WHEN I SAT DOWN TO WRITE THIS, I was feeling a kind of runner's euphoria after our recent court victory in Planned Parenthood v. Ashcroft. Federal judge Phyllis Hamilton had just ruled that Attorney General John Ashcroft overreached in demanding hundreds of medical records of abortion patients from six Planned Parenthood affiliates after we challenged the first-ever federal criminal abortion ban last November.
I chose this example as a jumping-off point because it jibes with the upbeat message I'm hearing from activists around the country. While there's no question that the Bush administration, Congress, and some states are waging a war on choice, those very attacks are energizing our movement.
Consider the following: On the scientific front, there are exciting new reproductive health technologies, despite a government that elevates ideology over science. On the legislative front, we are working to pass the new Freedom of Choice Act, which will protect our human and civil right to reproductive choices to bare or beget a child, even if the Supreme Court overturns Roe v. Wade and no matter what antichoice zealots do at the state level. College women are fighting like mad to secure over-the-counter status for emergency contraception--because they have a stake in the outcome. A virtual tsunami of online grassroots organizing is being managed by young people. Mid young women and men will be a gale force wind at the March for Women's Lives in Washington, DC, on April 25.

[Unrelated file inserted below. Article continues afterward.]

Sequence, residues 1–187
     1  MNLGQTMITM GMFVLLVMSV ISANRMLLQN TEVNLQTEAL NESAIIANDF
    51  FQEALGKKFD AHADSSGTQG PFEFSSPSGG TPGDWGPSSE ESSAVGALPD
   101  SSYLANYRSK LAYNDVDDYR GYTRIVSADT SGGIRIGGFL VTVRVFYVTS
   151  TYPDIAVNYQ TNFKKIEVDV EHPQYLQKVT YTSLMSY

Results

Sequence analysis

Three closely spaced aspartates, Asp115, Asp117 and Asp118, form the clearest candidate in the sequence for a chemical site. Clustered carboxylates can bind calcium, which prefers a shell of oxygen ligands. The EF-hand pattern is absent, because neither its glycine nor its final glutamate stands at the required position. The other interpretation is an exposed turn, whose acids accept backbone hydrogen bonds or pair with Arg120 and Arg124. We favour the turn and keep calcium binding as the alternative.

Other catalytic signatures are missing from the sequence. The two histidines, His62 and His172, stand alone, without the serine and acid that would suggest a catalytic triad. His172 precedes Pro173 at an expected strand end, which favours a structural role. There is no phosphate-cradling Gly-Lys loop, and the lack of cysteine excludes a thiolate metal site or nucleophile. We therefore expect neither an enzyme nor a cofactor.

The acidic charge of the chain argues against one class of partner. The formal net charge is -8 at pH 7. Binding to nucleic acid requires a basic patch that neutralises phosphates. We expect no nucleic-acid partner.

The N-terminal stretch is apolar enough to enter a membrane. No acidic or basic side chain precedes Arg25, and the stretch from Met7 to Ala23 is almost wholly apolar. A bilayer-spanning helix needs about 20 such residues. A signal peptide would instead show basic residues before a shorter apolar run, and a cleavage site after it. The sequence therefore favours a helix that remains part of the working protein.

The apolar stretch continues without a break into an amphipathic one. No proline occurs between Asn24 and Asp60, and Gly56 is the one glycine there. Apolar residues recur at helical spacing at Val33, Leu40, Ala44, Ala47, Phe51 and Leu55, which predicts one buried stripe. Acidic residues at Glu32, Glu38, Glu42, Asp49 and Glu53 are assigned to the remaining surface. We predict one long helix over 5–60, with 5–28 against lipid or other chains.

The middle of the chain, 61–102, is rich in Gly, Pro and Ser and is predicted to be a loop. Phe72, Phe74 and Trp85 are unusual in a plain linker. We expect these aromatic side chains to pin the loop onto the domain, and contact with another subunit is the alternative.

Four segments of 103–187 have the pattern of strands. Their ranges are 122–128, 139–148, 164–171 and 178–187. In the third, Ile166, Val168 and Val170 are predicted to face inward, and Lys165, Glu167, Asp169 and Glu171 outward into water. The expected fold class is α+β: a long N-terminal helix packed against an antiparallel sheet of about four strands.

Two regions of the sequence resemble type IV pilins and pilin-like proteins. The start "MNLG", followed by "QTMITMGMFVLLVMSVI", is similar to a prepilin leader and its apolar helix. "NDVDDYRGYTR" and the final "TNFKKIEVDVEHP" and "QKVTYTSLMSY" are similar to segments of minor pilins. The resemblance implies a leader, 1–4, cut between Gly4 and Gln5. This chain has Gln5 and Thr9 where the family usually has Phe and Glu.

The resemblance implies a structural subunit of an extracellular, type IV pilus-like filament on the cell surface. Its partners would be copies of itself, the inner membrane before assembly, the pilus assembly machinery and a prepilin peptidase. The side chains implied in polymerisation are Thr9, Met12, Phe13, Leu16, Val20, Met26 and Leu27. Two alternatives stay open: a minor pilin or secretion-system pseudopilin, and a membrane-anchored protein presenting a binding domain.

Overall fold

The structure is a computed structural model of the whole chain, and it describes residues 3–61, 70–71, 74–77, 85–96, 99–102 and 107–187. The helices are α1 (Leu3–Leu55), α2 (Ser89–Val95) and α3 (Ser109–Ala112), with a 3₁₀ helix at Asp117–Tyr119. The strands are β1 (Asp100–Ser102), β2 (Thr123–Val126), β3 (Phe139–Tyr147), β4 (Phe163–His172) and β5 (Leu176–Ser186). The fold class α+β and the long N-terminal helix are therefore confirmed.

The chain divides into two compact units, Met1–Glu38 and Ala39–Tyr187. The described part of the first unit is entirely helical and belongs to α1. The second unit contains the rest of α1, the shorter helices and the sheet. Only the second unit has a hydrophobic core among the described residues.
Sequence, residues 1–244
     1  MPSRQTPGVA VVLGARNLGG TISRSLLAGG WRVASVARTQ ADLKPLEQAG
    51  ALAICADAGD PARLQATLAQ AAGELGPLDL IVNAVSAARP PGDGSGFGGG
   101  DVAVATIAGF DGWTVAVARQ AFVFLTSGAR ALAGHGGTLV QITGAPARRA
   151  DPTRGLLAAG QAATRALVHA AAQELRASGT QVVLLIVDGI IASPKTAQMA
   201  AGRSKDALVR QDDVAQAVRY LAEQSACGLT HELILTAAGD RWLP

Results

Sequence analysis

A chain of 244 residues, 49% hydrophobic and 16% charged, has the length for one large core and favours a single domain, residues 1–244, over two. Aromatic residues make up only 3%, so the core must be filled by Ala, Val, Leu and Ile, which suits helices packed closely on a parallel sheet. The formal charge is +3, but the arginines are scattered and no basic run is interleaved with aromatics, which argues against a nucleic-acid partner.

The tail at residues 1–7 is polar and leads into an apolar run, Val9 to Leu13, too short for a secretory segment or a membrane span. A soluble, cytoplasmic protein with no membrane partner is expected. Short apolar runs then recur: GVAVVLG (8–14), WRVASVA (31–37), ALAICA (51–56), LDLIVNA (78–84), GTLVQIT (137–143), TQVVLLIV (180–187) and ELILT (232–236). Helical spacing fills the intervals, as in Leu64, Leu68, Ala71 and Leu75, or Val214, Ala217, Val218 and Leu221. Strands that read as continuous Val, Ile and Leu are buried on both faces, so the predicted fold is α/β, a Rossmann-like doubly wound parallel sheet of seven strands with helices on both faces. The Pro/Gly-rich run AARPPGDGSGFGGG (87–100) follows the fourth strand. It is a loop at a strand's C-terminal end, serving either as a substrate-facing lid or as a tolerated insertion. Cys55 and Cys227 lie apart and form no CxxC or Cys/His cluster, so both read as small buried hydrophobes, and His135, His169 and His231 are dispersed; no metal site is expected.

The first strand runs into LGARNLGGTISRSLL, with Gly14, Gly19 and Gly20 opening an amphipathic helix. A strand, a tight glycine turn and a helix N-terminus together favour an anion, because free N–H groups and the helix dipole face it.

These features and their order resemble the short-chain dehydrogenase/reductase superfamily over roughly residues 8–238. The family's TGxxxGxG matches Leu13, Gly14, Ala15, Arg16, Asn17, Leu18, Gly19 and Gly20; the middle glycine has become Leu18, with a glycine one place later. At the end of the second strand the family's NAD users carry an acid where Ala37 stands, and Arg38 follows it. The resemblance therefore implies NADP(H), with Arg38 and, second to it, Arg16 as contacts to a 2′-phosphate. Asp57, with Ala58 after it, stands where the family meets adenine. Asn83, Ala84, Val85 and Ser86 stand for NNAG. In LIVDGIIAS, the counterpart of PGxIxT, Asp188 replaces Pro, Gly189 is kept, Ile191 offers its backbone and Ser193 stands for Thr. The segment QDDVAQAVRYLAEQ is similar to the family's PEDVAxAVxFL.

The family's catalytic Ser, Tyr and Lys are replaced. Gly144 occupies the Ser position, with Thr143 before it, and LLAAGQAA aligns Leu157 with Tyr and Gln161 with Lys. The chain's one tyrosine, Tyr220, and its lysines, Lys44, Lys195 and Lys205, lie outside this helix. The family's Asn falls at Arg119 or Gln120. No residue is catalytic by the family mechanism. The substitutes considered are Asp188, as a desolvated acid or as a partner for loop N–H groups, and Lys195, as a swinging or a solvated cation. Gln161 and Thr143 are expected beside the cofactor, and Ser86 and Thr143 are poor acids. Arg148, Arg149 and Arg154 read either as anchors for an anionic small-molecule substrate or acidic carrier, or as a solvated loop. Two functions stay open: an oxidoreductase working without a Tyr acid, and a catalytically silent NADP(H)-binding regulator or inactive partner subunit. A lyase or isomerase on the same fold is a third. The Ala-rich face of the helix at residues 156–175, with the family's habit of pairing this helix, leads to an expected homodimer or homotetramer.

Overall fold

All this positive energy gives me hope that this movement will not just fight back against attacks; rather we will fight forward to advance reproductive rights and access to reproductive health care for all. …